pathway for each thing to be done in different places

3. Genome Organization- enabling complex gene regulation; large  trend for Eukaryotes to massively expand their DNA size while  

Prokaryotes only have a single chromosome who stream-lining their genome because they are less resistant to mutation

All the questions on the Unit 1 Review are answered in this Study Guide [notes written on the Review Slides]

4. Genetic mutation by means of sex- (independent assortment and  fertilization) [1=haploid; 2=diploid]; sex is the ability to maintain or  generate genetic diversity

a. Must be diploid to have sex but animals like us are always  

diploid except for when it comes to reproduction

5. Life Cycles- ability to swap between haploid and diploid

a. Plants alternate between the two however, unicellular  

eukaryotes are haploid most of their lives

Eukaryotic Life Cycles: Be able to describe exactly what life cycles are, and how  they led to the evolution of sex. Remember the difference between haploid and  diploid and that both unicellular and multicellular organisms can be haploid  dominant or diploid dominant.

Unicellular eukaryotes are old school kingdoms of protist. During  favorable conditions where there is lots of food, water, etc. they reproduce  asexually (basically cloning themselves)

Unfavorable conditions are when there is less food, water, colder  temperatures, etc., etc. this is when each individual haploid cell find another  haploid cell and it fuses with it. This only happens when resources are low  and this is called sexual reproduction

Haploid is where there are only one set of genes while diploid has two  sets of genes which is what most of out bodies are made of.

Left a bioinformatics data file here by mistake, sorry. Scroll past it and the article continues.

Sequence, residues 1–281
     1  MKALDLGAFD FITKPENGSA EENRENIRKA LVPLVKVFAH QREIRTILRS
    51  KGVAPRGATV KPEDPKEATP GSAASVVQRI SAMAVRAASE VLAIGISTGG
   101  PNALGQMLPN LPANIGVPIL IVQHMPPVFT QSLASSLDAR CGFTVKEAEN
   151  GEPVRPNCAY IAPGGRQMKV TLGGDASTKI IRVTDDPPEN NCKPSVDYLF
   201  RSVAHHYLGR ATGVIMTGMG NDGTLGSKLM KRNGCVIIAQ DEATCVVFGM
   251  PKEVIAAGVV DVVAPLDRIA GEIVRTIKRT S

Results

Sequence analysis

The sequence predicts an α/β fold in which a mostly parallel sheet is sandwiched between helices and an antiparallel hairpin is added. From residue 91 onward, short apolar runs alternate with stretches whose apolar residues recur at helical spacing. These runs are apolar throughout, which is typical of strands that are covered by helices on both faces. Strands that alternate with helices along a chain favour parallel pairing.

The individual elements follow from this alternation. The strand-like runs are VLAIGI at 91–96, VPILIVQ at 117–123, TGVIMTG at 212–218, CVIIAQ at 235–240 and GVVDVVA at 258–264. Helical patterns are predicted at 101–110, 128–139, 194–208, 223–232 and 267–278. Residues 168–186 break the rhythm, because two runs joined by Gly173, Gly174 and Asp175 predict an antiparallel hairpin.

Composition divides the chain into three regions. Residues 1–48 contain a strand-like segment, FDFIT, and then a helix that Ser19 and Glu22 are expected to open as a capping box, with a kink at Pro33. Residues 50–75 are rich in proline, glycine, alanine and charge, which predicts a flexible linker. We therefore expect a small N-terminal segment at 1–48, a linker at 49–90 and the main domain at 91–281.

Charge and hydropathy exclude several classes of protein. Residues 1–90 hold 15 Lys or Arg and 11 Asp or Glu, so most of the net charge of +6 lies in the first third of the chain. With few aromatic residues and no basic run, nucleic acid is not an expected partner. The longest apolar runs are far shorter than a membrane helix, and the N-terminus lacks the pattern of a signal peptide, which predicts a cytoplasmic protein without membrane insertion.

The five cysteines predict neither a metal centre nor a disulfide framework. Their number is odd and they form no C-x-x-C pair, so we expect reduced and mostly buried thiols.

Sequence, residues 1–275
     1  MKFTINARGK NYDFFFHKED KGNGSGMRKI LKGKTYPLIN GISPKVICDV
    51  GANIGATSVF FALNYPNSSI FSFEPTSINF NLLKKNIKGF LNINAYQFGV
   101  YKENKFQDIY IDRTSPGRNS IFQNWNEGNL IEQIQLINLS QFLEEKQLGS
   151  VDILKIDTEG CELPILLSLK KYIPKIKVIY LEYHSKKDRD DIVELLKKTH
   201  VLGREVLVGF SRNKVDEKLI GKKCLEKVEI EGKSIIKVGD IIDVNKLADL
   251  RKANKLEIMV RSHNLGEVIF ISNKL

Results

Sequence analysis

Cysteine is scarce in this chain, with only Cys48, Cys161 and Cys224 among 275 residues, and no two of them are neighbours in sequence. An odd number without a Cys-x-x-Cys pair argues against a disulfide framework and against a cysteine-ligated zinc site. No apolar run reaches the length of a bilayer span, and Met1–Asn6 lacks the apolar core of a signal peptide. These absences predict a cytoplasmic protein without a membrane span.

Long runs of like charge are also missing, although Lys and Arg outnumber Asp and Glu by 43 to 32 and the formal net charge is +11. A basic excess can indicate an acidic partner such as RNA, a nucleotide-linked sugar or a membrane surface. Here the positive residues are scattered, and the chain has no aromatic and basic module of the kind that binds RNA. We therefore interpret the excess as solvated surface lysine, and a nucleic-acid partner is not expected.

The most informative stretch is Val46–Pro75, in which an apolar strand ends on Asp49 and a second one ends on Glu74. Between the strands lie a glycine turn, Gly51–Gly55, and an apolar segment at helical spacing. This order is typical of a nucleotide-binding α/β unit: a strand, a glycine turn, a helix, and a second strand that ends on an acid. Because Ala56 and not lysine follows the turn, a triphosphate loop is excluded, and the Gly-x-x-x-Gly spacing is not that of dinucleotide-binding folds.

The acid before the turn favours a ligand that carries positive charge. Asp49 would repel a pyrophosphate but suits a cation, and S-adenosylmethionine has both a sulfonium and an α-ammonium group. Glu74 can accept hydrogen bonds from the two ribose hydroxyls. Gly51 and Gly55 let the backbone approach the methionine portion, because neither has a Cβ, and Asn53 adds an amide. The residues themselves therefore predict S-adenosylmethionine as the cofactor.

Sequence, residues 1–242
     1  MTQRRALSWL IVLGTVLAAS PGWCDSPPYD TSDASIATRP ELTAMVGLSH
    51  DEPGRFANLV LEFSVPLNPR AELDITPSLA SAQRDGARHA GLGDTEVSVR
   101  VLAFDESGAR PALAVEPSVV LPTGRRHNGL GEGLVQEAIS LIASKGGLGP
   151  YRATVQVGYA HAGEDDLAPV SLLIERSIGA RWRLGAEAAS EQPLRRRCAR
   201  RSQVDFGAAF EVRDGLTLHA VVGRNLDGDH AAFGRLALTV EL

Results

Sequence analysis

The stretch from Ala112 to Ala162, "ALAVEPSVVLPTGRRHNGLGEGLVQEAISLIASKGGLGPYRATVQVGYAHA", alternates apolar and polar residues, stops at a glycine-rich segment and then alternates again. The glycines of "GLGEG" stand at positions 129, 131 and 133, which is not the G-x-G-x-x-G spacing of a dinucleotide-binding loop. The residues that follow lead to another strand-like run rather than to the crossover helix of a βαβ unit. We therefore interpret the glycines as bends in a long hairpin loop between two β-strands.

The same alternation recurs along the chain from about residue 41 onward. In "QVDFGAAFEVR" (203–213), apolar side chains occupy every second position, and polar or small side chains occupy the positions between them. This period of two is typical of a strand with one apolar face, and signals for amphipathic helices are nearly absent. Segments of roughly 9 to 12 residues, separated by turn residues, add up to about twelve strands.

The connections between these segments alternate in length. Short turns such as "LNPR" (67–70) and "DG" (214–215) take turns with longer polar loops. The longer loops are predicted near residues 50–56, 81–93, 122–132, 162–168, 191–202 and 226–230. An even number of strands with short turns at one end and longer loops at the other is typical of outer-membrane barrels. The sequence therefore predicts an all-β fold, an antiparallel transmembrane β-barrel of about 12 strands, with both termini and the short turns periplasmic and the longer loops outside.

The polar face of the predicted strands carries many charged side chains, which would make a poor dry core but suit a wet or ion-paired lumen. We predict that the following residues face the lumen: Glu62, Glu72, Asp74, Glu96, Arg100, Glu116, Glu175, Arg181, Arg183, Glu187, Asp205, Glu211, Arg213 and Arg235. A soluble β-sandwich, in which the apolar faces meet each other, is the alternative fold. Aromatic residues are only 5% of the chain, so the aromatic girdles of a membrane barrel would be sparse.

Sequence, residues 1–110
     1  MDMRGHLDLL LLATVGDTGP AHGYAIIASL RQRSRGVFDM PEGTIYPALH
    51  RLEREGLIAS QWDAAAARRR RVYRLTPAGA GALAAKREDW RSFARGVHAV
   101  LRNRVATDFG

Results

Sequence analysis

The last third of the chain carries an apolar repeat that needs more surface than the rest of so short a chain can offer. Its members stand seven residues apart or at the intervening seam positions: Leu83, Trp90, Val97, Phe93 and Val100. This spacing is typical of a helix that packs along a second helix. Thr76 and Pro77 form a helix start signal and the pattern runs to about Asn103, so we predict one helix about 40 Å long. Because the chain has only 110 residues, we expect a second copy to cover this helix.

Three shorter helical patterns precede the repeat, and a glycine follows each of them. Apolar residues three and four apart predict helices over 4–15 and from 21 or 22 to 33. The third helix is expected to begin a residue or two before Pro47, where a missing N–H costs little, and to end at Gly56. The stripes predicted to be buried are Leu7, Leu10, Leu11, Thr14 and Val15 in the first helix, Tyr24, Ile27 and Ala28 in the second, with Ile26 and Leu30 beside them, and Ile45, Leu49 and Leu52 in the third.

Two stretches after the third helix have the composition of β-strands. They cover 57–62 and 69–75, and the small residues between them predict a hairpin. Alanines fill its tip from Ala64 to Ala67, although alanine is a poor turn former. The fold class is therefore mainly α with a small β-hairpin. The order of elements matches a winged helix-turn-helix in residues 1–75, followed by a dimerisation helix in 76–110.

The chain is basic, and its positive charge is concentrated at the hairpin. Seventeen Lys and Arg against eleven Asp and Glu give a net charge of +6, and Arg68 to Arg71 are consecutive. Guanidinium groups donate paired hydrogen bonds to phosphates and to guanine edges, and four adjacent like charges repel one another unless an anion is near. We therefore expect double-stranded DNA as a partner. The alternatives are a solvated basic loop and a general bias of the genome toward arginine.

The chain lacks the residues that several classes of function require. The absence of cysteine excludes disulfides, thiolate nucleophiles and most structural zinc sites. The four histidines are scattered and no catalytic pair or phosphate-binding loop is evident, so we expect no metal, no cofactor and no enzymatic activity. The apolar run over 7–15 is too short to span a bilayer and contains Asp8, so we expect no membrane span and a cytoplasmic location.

Origins of Eukaryotic Cells: Remember the two alternative hypotheses for the  origin of eukaryotes. The difference between the two boils down to timing.

Hypotheses: There are two hypotheses’ on how the first mitochondria formed  but, scientist don’t know which one is which for sure because they would  need a time machine to see the exact time which one was true over the  other. This led to the first heterotrophic eukaryote based on the use of a  mitochondria.

1. In the first hypotheses the dynamic membrane or the eukaryotic  cell eats a proteobacteria but instead of digesting it like it had  

intended. They bacteria forms an endosymbiotic relationship with  the bacteria using it as the first mitochondria. So basically the  

Dynamic membrane came first then the mitochondria

2. The second hypotheses are where the proteobacteria forms a  endosymbiotic relationship with an archaeon which then which then led to the dynamic membrane. The proteobacteria because the  mitochondria of the cell.  

Origin of Chloroplast: Chloroplasts ultimately evolved from cyanobacteria in what is called the primary endosymbiotic event. Define primary endosymbiosis and know  examples of eukaryotes that have done this. What prokaryotes did mitochondria  evolve from?

All the questions on the Unit 1 Review are answered in this Study Guide [notes written on the Review Slides]

Primary endosymbiosis started off with a eukaryotic cell finding an Algae/  Cyanobacteria and the dynamic cell membrane engulfs the cell with the  purpose to eat it but instead it forms a symbiotic relationship with it. This in  turn means that it can take light from the sun and turn it into sugar.  

Secondary endosymbiosis happened when the eukaryote that formed a  relationship with a cyanobacteria eats algae which then gets eaten by other  eukaryotes also causing it to form endosymbiotic relationships with other  eukaryotes as well.

Successive Endosymbiotic Events: Describe how this figure demonstrates  secondary endosymbiosis. What makes it different than primary? How can you tell?  What are examples of eukaryotes that have undergone a secondary endosymbiotic  event?